Chapter 21

Building Your Team: It’s Good to Be Great!

In case you don’t know who Peter Drucker is, he’s probably one of the greatest business strategists ever to have lived. He said that most entrepreneurs fail because they don’t know their strengths. That means that you identify your strengths as an entrepreneur and build on those strengths.

People think they should only work on their weaknesses, but that’s not true. What you need to do is find people who enhance your strengths and who can do what you’re not good at. Then and only then can you turn what you are good at into greatness.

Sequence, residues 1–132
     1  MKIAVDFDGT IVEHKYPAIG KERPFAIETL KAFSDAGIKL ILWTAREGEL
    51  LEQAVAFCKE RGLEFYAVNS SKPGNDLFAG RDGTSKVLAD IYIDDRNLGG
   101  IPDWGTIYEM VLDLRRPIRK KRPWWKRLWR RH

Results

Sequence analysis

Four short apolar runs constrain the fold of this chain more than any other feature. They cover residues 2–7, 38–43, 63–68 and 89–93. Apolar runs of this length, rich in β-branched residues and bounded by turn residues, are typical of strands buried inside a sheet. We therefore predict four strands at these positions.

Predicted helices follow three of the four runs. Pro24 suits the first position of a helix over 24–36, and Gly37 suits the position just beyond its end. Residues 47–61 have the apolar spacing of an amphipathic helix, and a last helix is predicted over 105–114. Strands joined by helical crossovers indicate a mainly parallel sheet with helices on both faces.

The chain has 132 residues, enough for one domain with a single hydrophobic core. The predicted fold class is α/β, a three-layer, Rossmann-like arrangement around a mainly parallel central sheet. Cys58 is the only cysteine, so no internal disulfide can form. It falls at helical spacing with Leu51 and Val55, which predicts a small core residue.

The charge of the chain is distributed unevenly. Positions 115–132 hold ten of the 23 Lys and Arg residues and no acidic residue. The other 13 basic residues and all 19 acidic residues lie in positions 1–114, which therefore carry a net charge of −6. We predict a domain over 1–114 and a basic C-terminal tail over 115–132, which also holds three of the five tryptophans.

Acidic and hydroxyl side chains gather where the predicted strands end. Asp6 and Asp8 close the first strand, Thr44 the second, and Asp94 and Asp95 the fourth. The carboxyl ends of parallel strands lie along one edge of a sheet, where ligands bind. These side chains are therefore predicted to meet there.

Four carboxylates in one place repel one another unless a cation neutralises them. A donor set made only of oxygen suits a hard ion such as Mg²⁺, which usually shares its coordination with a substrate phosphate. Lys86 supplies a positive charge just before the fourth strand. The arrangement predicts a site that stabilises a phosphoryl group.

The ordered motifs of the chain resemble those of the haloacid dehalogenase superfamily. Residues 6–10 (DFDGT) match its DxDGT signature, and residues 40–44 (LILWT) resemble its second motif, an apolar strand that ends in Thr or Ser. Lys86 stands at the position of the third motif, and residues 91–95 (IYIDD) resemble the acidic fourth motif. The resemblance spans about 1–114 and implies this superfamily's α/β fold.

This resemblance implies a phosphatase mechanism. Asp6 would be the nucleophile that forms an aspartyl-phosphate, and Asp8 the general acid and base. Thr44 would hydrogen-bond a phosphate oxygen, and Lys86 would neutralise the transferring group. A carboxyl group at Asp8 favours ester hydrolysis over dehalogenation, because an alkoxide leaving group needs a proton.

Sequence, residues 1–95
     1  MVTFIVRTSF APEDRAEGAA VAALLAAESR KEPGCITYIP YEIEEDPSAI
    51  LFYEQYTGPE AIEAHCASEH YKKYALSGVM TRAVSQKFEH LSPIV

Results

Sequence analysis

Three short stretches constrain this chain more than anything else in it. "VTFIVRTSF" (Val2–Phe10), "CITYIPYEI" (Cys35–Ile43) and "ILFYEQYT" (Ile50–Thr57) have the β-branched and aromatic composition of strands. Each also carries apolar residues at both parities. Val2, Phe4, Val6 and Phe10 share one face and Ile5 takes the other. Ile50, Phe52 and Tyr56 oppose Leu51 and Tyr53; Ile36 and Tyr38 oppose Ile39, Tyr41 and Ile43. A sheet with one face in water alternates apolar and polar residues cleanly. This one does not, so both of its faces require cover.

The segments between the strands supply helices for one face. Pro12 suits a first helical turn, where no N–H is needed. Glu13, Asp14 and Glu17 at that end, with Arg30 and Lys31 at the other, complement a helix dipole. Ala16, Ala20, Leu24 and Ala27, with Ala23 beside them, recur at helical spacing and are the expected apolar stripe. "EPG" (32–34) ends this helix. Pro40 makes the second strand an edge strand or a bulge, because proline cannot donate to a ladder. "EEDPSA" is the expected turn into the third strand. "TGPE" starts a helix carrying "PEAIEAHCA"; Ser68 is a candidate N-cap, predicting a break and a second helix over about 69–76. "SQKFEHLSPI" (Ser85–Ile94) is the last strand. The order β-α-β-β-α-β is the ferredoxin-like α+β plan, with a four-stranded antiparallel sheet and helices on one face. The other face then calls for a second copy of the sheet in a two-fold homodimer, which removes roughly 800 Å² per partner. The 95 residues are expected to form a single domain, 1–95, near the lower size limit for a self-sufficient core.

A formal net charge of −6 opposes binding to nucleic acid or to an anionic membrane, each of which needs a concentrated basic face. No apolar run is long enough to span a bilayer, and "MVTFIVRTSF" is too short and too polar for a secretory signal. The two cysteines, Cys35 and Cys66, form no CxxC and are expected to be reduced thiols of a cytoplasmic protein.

Regardless which company I was running at the time and regardless of the total number of employees, I never had more than six to seven direct reports (people reporting directly to me) plus an assistant. My direct reports ran individual departments and never had more than seven direct reports. As a general rule, you should never have more than seven direct reports because as the CEO (or any management position), you simply cannot manage more than seven people effectively.

I have consulted for organizations that literally had a flat line organization where twenty people (or more) reported to a single person. That’s just not effective. No one can effectively manage that many people. All you are doing at that point are setting your employees up for failure and soon your company will collapse.

When I started my inbox magazine of Working Moms, I had been in the corporate world my entire life. ...

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